Overall, I enjoyed most of this book. I really liked the spooky aspects, the possibility of a ghost in North Manor. I thought the suspense and the mystery were interesting (though a little obvious). I didn’t love how oblivious Jane was being. She knew there was something wrong in her house and she never pushed when she asked questions and that really bothered me. The ending is what killed my enjoyment of the book. Without spoilers, the book ended at the climax of the story. We’re finally getting all the answers we’ve been searching for the whole story and then we’re still left with so many questions because of the players that were present in the final pages. I’m just really mad about how the story ended and that anger makes it really hard for me to say I liked this book. I felt similarly about Wilder Girls by Rory Power, so if you liked that book, you might like this one. This book has a pretty decent rating on GoodReads, so don’t let this deter you from picking up this book. But if you don’t like unsatisfying endings, this book might not be for you. Now, I’m going to get to spoilers about the ending in the next paragraph.
The spoilers are starting now. The final pages have Jane letting someone die, which is essentially murder, at the guidance of her sister ghost. But it’s never really clear whether the ghost is real or not. The ghost was pretty convincing, but there were hints here and there that made the reader think that there might never have been a ghost and it all could have been Jane. What I’m mad about is that we never got any sort of answers. The book literally ends in the climax of the story. Someone dies and the story just ends. The synopsis says “Is it grief? Mental illness? Or something more…horrid?” and the way that the synopsis is written makes it seem like we will find out whether it is one of those three things, but we don’t. We don’t find out what really happened or what happened in the aftermath and I’m very annoyed by this. I’m just angry and sad because I had really high hopes for enjoying this book. Okay, rage complaining is over. Thanks for reading!

Keep on reading lovelies, Amanda.

Blogtober Day Three: Books & Baking – Tweet Cute

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Hiii, lovelies! I’m back again for another Books & Baking post! This is another that  baked and photographed forever ago. It was actually right around when everything closed in the U.S. due to Covid. So, like everyone else in the world, did a lot of baking. For this installment of Books & Baking, I attempted one of the bizarre and wildly appealing recipes from Tweet Cute by Emma Lord. I also want to thank the wonderful Jen from Novels and Notions for allowing me to use the photo below. I read this book as an eARC so I didn’t have a copy to take pictures with, but Jen is a good friend of mine and I adore her photos. So, visit her Instagram to see more lovely pictures like the one below!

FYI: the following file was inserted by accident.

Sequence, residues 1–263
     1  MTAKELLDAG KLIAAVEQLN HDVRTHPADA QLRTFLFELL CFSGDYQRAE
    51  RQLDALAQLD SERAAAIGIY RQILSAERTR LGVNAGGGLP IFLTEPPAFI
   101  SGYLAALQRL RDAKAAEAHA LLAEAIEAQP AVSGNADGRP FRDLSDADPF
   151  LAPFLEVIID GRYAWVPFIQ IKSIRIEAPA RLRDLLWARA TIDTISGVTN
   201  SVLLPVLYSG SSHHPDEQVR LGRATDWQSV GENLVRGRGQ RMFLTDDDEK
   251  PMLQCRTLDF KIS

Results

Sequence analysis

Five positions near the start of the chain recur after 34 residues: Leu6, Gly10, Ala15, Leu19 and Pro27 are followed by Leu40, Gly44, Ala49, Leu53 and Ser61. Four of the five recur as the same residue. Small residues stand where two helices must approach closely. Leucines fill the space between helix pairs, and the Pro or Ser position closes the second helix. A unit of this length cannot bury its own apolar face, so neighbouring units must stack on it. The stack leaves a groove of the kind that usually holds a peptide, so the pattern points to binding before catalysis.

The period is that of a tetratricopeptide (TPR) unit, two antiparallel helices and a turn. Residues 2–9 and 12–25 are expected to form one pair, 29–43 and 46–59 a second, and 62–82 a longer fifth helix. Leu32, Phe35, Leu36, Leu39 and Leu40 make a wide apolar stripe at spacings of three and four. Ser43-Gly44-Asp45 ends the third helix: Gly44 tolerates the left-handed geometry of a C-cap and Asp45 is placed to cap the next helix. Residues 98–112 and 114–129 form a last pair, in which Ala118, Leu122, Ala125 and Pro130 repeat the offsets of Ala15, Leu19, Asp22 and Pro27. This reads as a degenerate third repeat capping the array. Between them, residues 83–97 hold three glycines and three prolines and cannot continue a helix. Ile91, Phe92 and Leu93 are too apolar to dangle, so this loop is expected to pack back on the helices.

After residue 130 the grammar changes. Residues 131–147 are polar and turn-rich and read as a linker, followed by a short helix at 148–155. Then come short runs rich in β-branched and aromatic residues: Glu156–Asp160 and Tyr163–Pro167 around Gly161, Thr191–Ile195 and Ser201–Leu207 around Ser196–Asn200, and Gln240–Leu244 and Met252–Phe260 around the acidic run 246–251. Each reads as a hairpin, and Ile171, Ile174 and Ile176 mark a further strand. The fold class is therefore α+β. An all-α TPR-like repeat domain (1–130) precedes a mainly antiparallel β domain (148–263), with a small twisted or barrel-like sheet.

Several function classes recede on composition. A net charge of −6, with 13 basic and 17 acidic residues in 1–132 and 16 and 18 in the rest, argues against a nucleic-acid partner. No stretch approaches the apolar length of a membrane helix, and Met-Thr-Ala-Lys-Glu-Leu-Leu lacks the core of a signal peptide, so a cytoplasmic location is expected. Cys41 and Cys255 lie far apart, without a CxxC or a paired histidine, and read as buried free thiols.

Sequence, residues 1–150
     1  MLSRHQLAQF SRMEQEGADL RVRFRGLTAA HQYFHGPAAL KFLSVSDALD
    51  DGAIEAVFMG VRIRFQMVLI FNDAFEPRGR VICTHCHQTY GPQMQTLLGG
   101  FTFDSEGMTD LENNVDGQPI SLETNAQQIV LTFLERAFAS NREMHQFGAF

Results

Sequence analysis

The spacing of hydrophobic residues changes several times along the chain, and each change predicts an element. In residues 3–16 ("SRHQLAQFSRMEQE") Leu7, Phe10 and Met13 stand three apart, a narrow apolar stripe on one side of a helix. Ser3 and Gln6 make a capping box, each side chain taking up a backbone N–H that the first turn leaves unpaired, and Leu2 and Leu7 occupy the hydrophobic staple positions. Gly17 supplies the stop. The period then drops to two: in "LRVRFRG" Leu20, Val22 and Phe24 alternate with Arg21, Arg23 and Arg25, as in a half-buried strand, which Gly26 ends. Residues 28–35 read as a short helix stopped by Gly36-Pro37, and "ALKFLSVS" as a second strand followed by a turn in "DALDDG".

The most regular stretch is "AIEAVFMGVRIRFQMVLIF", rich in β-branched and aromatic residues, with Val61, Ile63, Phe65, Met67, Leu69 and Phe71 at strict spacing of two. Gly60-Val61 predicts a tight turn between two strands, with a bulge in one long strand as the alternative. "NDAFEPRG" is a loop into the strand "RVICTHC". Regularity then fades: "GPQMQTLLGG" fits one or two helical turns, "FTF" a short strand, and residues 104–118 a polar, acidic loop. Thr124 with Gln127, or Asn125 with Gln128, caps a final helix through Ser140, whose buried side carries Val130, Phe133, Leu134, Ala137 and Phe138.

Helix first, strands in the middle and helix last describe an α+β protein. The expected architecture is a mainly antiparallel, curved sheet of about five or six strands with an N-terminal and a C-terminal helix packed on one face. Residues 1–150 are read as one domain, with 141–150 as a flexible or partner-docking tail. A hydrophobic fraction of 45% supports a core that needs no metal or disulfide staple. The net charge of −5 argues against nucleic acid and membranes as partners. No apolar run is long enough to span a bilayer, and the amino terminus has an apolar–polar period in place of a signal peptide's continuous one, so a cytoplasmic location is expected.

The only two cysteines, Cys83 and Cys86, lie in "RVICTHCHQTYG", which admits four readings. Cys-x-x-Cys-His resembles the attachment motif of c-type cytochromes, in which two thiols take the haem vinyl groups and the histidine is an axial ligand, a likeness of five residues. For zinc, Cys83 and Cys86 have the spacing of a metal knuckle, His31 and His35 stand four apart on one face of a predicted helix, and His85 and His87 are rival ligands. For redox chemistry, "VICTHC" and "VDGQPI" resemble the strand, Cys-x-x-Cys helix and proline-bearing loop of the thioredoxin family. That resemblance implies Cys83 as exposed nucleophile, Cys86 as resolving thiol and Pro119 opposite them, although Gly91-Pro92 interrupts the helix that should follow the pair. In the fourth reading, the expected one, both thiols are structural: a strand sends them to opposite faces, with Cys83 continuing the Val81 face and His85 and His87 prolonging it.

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Book: Tweet Cute by Emma Lord

Read my full review here!

I loved this book. It was funny and cheesy (hah!) and so heartwarming. It follows two teens who manage the social media for their parents. These two are as opposite as opposite can be. But they form an unlikely friendship that turns into more. Things get interesting when they both find out the other is behind the social media (which has turned into a viral Twitter rivalry) of their families business. I loved the family aspects of this story. There were good and bad moments, but the end really solidified my love for the story.

“It’s weird, how you have no idea how far you’ve come until suddenly you can’t find the way back.”

“But sometimes even shouting into a void feels better than just staring into it.”

“Do you ever feel like someone just took something from you?” Yes, I want to say. Sometimes it feels like it’s been four years of this place taking and taking, and I’m all out of pieces to give—like I don’t even know the shape of myself anymore.”

“A stolen day. The kind of day that ends too fast but stays with you much longer.”

“These are the things that tether me, the things I’ve always been and just assumed would always be. What she’s saying right now feels a lot like permission to leave it behind, and it scares me every bit as much as it relieves me.”

“I can see it too. That I don’t belong here. That even after all this time and everything I’ve done, the things I’ve pressed and organized and pushed into myself to fit into this place, home is still somewhere a thousand miles away. Farther than that, even. Because that version of home doesn’t exist anymore.”

Baking: Monster Cake 

Find the full recipe on Emma Lord’s website here! (Seriously, read this. It’s hilarious.)

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I chose to make Monster Cake from this book because, as I said at the beginning of this post, I chose to bake when the world started to close down and I was craving something super sweet. This definitely was that.

“But no matter what else happens, this one thing my mom has always had a weakness for–Monster Cake. A perilous invention from childhood, the day Paige and Mom and I decided to test the limits of our rinky-dink oven with a combination of Funfetti cake mixed with brownie batter, cookie dough, Oreos, Reese’s Cups, and Rolos. The result was so simultaneously hideous and delicious that my mom fashioned googly eyes on it out of frosting, and thus, Monster Cake was born.”

Ingredients

A box of Funfetti cake mix (plus the ingredients the box says you need)